Sonus Faber Stradivari: Preliminary Audition - Part V

The full system

The system comprised an Accuphase DP75 CD-player, Cello Étude preamplifier and Krell FPB350cx amplifiers connected to the Stradivari by a modest pair of Supra cables. 

Franco shows the special silver alloy cable and terminal

Franco has an interesting theory about cables. He defends that both the internal cabling of a speaker and its binding terminals should be made of the same material. He even went as far as suggesting that preferably - but not necessarily - this theory should also be extensive to the cable that connects the speakers to the amplifiers, only in this way it is possible to achieve, and I quote, «metallurgical coherence».

For the Stradivari Franco created a custom stranded cable and terminals made of a silver alloy with a special molecular structure similar to the one used in “tooth fillings” based on his expertise as a mechanical dentist. Ouch! 

Yours truly and Martin Colloms caught in the act... of listening

The Stradivari sounded like a live performance in a real venue, filling the room with sound and doing the proverbial vanishing act. Maybe less so because you just couldn't take your eyes off them. Given the larger than usual baffle, focus is not to the pin-point accuracy standard of, say, the Wilson Watts Puppies (their natural competition in this price range), suggesting some attention to “toe-in” to further sweeten the 'spot'. On the other hand I must confess I've never heard live “pin-point focus” as the instruments and singers usually energize the air around them creating a “bubble” of sound not just an “ideal” point source. In this particular aspect of sound reproduction, the Stradivari is closer to reality.

The sound stage is so transparent and dimensional I could swear I was listening to electrostatics or open-back dipoles, had I not seen them first by the back while entering the room. Resolution is also to a very high standard with reverberation decay (either natural or electronic) dying away into silence in a dignified and natural manner.

Bass is tight and articulate, if slightly over-damped so as to better integrate the informative lower midrange, but not at the cost of power and impact as Franco proved by cranking up the volume for a brief moment of a “rocker's” paradise. Elegant as it may look, the Stradivari has balls and energy to boot. And yet the Stradivari sounds tonally ripe and fruity, as a well matured Italian red, even at low levels which is the mark of all great speakers according to Martin Colloms.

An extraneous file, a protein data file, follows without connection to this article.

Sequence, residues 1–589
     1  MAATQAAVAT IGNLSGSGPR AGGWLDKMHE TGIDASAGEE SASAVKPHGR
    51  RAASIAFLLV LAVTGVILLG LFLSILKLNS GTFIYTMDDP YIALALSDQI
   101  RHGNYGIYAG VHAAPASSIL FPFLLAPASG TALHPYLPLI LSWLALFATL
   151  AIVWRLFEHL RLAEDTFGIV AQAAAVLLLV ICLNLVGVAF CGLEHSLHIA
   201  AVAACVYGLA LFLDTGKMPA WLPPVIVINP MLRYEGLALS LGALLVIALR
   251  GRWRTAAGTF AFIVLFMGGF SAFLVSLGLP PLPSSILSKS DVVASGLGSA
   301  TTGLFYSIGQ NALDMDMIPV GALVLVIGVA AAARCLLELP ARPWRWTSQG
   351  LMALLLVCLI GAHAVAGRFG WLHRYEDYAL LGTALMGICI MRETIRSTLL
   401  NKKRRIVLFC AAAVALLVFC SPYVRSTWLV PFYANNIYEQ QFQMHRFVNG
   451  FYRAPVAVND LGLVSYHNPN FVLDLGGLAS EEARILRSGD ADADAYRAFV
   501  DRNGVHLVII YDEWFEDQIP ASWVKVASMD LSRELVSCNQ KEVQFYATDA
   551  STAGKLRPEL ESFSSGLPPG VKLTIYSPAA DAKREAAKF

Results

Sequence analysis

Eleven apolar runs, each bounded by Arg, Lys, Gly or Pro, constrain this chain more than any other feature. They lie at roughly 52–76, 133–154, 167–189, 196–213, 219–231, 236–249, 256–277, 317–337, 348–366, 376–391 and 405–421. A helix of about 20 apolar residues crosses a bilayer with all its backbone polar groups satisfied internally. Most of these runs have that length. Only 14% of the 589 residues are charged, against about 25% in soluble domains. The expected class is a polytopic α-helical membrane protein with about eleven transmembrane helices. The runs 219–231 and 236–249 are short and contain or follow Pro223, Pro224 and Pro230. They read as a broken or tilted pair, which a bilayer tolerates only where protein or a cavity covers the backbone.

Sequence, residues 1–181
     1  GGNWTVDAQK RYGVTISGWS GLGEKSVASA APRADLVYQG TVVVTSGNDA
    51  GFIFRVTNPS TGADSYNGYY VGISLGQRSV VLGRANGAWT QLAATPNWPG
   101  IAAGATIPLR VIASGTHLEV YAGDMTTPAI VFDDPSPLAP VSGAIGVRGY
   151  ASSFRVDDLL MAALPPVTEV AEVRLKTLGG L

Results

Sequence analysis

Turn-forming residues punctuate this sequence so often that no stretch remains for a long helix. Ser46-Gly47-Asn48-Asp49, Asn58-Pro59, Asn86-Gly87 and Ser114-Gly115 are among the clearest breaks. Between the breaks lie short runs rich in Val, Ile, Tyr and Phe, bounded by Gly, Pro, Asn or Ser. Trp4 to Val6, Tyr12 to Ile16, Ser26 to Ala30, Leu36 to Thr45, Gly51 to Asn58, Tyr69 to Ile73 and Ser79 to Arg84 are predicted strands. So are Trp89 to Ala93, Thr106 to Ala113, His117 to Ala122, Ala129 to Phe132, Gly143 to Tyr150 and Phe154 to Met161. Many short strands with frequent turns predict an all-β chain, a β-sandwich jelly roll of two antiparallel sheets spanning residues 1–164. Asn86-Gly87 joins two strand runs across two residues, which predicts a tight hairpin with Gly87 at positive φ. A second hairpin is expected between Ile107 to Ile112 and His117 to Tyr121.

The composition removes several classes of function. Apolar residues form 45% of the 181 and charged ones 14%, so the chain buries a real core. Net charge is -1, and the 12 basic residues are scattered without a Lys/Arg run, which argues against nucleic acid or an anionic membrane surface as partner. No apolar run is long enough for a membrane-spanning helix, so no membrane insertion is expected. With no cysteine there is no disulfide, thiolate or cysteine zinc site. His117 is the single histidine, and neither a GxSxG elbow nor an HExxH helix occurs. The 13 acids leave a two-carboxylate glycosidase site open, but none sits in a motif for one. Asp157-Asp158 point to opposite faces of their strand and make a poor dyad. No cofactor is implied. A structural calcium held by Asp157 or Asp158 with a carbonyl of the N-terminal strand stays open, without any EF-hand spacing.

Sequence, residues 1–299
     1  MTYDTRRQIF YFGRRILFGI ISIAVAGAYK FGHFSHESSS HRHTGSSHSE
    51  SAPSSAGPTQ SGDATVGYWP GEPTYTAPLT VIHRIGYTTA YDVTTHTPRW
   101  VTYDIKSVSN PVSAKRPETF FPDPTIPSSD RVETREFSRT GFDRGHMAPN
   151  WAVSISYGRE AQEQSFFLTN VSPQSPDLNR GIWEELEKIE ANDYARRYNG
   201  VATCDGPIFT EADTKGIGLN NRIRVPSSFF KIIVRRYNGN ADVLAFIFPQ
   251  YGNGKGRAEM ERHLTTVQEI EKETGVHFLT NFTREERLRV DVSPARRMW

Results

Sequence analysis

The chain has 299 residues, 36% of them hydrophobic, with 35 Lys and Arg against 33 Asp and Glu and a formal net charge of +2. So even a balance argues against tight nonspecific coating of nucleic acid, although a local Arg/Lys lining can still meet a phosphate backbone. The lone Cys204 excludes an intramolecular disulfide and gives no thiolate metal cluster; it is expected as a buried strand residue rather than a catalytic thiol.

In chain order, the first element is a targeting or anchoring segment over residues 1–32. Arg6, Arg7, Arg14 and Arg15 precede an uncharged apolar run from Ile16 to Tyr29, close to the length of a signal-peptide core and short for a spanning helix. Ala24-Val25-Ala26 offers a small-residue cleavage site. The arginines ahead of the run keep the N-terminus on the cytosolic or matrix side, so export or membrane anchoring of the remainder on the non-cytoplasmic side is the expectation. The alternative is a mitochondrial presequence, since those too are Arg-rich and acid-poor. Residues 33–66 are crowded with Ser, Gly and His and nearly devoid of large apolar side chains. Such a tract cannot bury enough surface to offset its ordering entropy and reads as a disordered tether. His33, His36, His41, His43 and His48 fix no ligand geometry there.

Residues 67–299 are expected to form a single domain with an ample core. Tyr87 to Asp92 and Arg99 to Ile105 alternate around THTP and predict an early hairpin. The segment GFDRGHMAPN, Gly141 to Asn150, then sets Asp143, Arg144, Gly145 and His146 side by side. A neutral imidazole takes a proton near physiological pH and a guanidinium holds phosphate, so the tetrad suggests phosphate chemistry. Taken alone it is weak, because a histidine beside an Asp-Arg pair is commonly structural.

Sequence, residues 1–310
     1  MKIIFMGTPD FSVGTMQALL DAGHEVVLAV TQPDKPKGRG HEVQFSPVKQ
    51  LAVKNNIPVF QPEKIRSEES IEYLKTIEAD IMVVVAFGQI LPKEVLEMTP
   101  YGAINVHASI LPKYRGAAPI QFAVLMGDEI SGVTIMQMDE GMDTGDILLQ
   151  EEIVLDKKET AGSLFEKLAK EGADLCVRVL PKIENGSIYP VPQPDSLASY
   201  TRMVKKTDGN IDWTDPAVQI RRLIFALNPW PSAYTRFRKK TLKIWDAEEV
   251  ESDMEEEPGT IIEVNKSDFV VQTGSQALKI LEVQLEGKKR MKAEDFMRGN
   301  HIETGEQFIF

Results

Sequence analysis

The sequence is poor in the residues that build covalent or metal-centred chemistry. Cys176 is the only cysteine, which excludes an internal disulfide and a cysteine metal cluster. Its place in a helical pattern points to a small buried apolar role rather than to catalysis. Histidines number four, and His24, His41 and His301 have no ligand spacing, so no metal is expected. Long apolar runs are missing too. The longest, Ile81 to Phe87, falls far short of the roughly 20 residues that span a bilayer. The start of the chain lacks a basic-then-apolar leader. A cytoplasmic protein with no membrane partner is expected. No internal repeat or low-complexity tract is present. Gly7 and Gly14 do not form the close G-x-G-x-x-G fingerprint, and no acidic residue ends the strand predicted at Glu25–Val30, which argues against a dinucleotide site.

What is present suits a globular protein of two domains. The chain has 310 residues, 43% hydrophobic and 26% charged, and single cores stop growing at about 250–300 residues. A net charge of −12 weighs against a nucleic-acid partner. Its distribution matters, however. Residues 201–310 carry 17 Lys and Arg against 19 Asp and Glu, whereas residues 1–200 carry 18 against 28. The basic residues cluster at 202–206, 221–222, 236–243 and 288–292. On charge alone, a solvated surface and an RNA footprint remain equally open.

The “high-hats” were reproduced as they should with that shimmering filigree of harmonics orbiting each initial fundamental note. I heard no midrange colorations other than the ones present in the few tracks played that I knew well, like the slight lower mid “bloom” in Diana Krall's voice who nevertheless sounded all the more sensual, with each piano note sounding as clear as a bell and each note of the accompanying tube amplified semi-acoustic guitar melting beguilingly like drops of hot chocolate. Integration of the different units sounded seamless at the right distance from the speaker and did not seem to suffer unduly from listening height.

JVH and KK: the Stradivari is a reviewer's dream

I don't recall having been so impressed by a single 20-minute audition (despite standing most of the time, talking some of the time, or sitting in turns with Ken and Martin on the couch) in the unknown acoustics of a strange listening room with a system set up by other than me. If only they would let me loose in that room for a full week's tweaking…

Now that I am back in Portugal I suffer from withdrawal symptoms like a youngster who having fallen in love on a weekend in Venice can now only hope to see his beloved again soon. Hélas, soon is always too late for those who love, although I admit I have had my share of “crushes” on many a speaker in my life before and somehow managed to get over it. But the Stradivari dug too deep into my audiophile heart.

I finish by quoting a famous Portuguese 16th century poet who admired the great Italian poet Petrarca: “Love is a fire that burns, yet can't be seen”. The Stradivari lit up my fire with its beauty and sound.

Back to Part 1: Franco Serblin's capolavoro